I'm trying to take MARTA to a coffeeshop to do some work. Things are more or less normal except that King Memorial is covered in rickety old-timey scaffolding. I climb up it and just barely squeeze through the doors as the train is leaving.

I don't pay much attention to where we are but then the train grinds to a halt. The doors are thrown open. There is no driver: it was robot controlled the whole time.

The riders (of which there are many: this train is twice as long as your average rush-hour blue line) stumble out into a barren, tundra-laden, wild-russia landscape. We must walk to the next station; and it is a long journey. We consult the winds and decide the next station is probably Edgewood/Candler Park.

For some reason I am elected head of our public transit trail of tears. Many fall. We forge into huge snowdrifts and I am nearly lost to slush quicksand on the edge of a frozen river hidden under feet of snow.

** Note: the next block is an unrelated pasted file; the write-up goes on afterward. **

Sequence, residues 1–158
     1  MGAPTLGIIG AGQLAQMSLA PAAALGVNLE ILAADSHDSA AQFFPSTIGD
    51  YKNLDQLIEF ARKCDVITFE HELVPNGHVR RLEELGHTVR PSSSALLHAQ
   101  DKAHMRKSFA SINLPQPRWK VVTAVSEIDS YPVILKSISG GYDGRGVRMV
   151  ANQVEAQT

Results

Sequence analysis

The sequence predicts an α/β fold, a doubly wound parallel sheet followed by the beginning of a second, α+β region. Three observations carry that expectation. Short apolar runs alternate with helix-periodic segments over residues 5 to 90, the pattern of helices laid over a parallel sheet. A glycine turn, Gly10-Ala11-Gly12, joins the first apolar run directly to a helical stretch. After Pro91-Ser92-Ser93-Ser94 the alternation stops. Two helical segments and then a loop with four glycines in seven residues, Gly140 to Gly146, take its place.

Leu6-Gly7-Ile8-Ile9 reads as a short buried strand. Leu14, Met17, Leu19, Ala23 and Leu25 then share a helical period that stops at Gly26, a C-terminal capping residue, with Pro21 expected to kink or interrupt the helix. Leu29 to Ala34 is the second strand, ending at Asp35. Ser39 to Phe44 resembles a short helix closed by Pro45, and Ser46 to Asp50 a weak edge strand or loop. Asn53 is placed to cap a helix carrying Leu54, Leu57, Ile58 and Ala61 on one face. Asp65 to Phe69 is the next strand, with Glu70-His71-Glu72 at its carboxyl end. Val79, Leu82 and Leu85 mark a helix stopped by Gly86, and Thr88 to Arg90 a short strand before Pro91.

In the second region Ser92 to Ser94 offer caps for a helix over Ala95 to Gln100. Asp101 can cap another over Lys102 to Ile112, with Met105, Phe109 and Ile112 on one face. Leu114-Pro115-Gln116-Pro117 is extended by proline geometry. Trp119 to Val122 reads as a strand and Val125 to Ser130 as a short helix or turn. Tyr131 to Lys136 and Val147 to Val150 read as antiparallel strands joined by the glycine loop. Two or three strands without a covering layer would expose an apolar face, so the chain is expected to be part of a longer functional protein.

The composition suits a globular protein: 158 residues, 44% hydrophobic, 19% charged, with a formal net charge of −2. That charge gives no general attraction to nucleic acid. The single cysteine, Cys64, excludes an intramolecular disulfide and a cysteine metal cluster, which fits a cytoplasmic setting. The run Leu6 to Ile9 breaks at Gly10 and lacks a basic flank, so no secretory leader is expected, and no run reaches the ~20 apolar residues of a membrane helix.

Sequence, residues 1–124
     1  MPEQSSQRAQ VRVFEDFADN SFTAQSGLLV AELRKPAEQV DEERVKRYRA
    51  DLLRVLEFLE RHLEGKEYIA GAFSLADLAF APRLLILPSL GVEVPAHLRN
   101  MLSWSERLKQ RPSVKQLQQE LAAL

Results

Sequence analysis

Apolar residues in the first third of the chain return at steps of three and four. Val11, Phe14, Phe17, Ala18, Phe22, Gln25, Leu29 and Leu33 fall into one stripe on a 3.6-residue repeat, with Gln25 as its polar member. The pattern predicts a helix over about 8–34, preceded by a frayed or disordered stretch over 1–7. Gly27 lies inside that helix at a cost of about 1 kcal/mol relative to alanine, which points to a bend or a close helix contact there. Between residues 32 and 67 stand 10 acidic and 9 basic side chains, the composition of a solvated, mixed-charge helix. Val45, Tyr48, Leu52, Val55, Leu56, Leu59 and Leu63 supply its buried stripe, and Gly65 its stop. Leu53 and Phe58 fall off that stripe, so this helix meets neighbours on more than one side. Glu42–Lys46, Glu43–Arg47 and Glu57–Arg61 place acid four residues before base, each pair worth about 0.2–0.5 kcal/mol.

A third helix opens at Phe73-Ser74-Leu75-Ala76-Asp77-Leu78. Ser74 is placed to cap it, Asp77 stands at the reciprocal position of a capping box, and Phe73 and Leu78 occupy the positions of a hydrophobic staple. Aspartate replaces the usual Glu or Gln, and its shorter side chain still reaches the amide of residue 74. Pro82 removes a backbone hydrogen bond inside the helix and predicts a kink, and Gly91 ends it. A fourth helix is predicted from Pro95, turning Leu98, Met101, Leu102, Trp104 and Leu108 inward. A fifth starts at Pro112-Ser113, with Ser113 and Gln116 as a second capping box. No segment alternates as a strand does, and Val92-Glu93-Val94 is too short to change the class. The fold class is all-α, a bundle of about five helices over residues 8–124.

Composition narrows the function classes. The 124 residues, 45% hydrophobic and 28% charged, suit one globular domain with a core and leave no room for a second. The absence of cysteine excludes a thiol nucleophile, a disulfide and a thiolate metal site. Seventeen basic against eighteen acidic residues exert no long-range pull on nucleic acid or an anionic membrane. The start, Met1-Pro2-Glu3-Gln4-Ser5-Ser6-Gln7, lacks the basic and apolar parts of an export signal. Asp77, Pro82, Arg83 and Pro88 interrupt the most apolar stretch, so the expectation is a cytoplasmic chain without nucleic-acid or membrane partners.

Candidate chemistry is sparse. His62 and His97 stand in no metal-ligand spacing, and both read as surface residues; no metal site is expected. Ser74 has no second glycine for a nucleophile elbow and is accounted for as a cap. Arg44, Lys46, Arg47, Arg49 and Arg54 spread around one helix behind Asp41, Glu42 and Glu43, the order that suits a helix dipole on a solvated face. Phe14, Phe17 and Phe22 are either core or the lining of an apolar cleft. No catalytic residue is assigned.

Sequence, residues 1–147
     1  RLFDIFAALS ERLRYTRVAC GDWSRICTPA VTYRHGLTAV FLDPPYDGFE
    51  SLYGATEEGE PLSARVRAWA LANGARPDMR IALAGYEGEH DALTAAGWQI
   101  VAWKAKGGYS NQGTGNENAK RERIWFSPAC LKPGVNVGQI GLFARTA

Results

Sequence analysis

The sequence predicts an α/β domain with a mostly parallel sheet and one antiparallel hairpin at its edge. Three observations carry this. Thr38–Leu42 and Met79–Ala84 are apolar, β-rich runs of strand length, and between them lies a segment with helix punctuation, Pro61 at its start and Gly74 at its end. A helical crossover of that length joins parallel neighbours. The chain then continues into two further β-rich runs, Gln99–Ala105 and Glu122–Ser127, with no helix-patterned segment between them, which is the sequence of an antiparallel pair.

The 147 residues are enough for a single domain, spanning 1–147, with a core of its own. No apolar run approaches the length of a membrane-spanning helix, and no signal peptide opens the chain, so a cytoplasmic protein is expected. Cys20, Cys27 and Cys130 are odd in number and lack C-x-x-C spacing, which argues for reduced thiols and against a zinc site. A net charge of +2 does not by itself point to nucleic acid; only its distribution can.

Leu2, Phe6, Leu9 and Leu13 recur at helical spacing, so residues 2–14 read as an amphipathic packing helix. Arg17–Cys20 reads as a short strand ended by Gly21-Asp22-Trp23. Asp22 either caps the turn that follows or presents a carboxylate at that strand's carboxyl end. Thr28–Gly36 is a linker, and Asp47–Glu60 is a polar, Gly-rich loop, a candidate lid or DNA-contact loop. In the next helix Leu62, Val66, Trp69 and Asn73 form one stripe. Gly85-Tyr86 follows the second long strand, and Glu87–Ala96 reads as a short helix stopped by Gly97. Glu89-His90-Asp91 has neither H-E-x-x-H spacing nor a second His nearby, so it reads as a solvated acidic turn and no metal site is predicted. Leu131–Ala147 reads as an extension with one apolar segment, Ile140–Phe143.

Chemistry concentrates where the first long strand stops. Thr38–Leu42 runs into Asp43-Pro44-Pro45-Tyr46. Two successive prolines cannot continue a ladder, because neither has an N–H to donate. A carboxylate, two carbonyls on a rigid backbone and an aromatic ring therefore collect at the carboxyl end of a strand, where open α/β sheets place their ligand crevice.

We continue. The weather warms up some and the surroundings become more pleasant. There is birdsong. Many have died in our wake.

I see a great hill that is mostly exposed dirt and rock. I decide that surely, the next MARTA station is just over that ridge! I run for the hill and forget about my people. Old women die of cancer as I run and they lie prostrate all around me. I feel awful for them but I HAVE TO GET TO EDGEWOOD/CANDLER PARK STATION.

I scale the hill; it leaves me exhauste. At the top there is a road. I follow it but instead of going anywhere helpful it instead goes into a strange little town that has been left unchanged since 1876. I play some shitty boring game involving a wooden ball with some sooty 19th century kids and then I wake up.